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I have been transposing some voice + piano accompaniment music originally written for a mezzo-soprano or alto into a key for a tenor down (usually by a third or a fourth) and have found the resulting piano sheet music to look rather odd. I don't know how to play piano, but I imagine taking sheet music that already uses ledger lines below the staff and transposing it down by that much make it annoying to play, and in particular difficult to sightread. However, I'm not sure how or when it is appropriate to use ottava lines and clef changes, in a way which will feel natural for the pianist.

  • Is there a general rule of thumb for when to use clef changes or ottava lines? Is there a maximum number of ledger lines, or a minimum number of notes within the staff or written without ledger lines? Would instances where a note is being played "in octaves" (i.e. F4 and F3 being played at the same time or within the same phrase) be exceptions to that rule of thumb?
  • Should clef changes generally be reserved for full phrases/sections while ottava lines should be used for short sections within phrases?
  • Would it be appropriate to use ottava lines for a short sequence repeated in increasing/decreasing octaves (i.e. an arpeggio across multiple octaves) if one or more of those repeats is entirely off the staff? Or would that be more confusing than helpful?
  • When, if ever, is it appropriate to use ottava clefs? In particular, is it ever appropriate to write the right hand in the "vocal tenor clef" i.e. the treble clef down an octave?
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  • Along with the answers already submitted something to ask yourself when creating a piano or any instrumental part is: “What would I want to see if I were sight reading this part?”, or “How can I make this part as easy as possible to sight read?”. Mar 13, 2023 at 0:22

3 Answers 3

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Is there a general rule of thumb for when to use clef changes or ottava lines? Is there a maximum number of ledger lines, or a minimum number of notes within the staff or written without ledger lines? Would instances where a note is being played "in octaves" (i.e. F4 and F3 being played at the same time or within the same phrase) be exceptions to that rule of thumb?

It depends on the instrument. For piano, three ledger lines is probably the largest reasonable distance from the staff, but if the hand is playing an octave then the pianist will be paying more attention to the note closest to the staff, so the farther note could have up to seven ledger lines.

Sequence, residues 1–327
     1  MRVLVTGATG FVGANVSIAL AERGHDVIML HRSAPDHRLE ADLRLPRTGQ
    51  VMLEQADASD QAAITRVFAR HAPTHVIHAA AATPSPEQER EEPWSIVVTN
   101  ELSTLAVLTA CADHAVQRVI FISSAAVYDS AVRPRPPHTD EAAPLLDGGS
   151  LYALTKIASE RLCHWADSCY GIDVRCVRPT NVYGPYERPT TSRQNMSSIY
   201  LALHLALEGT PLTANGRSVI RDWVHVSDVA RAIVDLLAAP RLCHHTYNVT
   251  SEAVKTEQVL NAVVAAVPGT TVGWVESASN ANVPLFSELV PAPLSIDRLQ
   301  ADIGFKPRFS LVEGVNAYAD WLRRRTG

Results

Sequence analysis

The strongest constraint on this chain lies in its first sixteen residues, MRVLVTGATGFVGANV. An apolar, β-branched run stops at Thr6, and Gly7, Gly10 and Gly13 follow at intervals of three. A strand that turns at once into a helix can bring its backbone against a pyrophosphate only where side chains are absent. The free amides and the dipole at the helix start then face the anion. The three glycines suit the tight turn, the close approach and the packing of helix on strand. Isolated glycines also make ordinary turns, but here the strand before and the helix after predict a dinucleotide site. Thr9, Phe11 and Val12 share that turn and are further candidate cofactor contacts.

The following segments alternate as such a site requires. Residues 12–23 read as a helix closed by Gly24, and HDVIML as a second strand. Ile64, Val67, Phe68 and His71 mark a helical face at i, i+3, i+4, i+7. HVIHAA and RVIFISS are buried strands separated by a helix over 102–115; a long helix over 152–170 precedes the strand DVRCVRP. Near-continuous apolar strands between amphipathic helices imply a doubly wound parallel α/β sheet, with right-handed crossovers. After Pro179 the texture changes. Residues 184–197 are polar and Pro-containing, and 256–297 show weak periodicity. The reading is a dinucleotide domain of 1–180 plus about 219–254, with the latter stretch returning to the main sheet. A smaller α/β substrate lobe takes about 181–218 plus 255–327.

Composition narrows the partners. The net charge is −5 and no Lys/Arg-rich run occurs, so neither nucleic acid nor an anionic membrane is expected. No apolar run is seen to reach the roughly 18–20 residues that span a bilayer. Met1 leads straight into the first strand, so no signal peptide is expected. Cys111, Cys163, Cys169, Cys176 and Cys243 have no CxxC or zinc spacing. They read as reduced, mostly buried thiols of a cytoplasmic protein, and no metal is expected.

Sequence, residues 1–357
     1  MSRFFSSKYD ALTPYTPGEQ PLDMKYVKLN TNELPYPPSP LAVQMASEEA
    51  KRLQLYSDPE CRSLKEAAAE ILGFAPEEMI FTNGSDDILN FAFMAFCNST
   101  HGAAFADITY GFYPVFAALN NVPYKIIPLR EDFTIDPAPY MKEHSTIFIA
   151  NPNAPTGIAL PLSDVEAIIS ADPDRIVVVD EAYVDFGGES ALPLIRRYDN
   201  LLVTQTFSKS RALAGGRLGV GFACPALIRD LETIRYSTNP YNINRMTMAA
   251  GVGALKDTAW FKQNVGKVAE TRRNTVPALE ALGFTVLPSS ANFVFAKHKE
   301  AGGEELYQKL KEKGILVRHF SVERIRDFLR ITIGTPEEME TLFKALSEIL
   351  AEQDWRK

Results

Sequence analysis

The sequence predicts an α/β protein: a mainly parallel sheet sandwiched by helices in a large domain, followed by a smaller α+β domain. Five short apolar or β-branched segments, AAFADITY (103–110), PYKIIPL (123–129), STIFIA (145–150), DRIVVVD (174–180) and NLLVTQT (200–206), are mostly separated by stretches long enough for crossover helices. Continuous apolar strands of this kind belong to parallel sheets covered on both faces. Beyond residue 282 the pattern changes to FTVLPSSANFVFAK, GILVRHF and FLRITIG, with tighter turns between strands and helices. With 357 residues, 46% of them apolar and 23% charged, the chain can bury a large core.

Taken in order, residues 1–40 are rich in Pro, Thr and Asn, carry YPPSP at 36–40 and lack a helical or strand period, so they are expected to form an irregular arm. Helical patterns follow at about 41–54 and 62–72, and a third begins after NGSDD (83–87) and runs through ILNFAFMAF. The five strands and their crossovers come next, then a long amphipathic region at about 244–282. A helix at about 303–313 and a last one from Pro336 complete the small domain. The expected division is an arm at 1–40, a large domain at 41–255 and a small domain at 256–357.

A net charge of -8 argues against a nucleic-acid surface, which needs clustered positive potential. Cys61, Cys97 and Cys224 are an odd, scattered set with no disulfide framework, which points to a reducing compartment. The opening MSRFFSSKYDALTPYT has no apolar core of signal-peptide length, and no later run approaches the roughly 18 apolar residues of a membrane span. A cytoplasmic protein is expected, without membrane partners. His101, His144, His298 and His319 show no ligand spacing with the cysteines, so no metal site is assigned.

But you should never use any clef other than treble and bass clefs in a piano part. Do not use octave transposing clefs. Instead, use 8va.

F4 and F3 is an odd example to choose because both are readily notated in both clefs, whether as part of an octave-spanning chord or in isolation.

Should clef changes generally be reserved for full phrases/sections while ottava lines should be used for short sections within phrases?

Not necessarily. If the right hand crosses over and plays an isolated G2, for example, a clef change is probably going to be clearer than an 8va.

Would it be appropriate to use ottava lines for a short sequence repeated in increasing/decreasing octaves (i.e. an arpeggio across multiple octaves) if one or more of those repeats is entirely off the staff? Or would that be more confusing than helpful?

If I understand this correctly, 8va is likely the best way to handle it.

When, if ever, is it appropriate to use ottava clefs? In particular, is it ever appropriate to write the right hand in the "vocal tenor clef" i.e. the treble clef down an octave?

No. If a clef change seems appropriate for the right hand, use the bass clef. Using two bass clefs or two treble clefs is not uncommon in piano music. Other nonstandard clef combinations are.

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If you want a rule of thumb, 3 ledger lines are safe.

When writing octaves, as long as one of the notes is in 'safe space', probably no need for octave lines.

The only people who read 'Tenor Treble clef' are tenor singers. Never use octave-transposing clefs in piano music.

Don't be afraid to transpose the piano part UP if the texture is in danger of getting muddy. Look at the repertoire. Bass soloists aren't accompanied only by bassoons and contra-basses. The flute plays as well!

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  • Any male singer will read octave-tranposed treble clef. So do guitarists.
    – phoog
    Mar 13, 2023 at 12:12
  • And we bassoon players often read tenor clef. As does cello players and tenor trombone players (often in classical music from older times).
    – ghellquist
    Mar 13, 2023 at 15:04
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    @ghellquist That's a different sort of tenor clef!
    – Laurence
    Mar 13, 2023 at 18:59
  • @Laurence: good to know.
    – ghellquist
    Mar 13, 2023 at 19:02
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Whilst you can mechanically transpose piano parts down a fixed interval, there's a good chance you'll end up with something that sounds muddy in places. If you have the time it would be better to paraphrase those sections, preserving the harmony but played higher up on the keyboard so they don't sound so murky. Your singer won't have to fight against the piano texture then.

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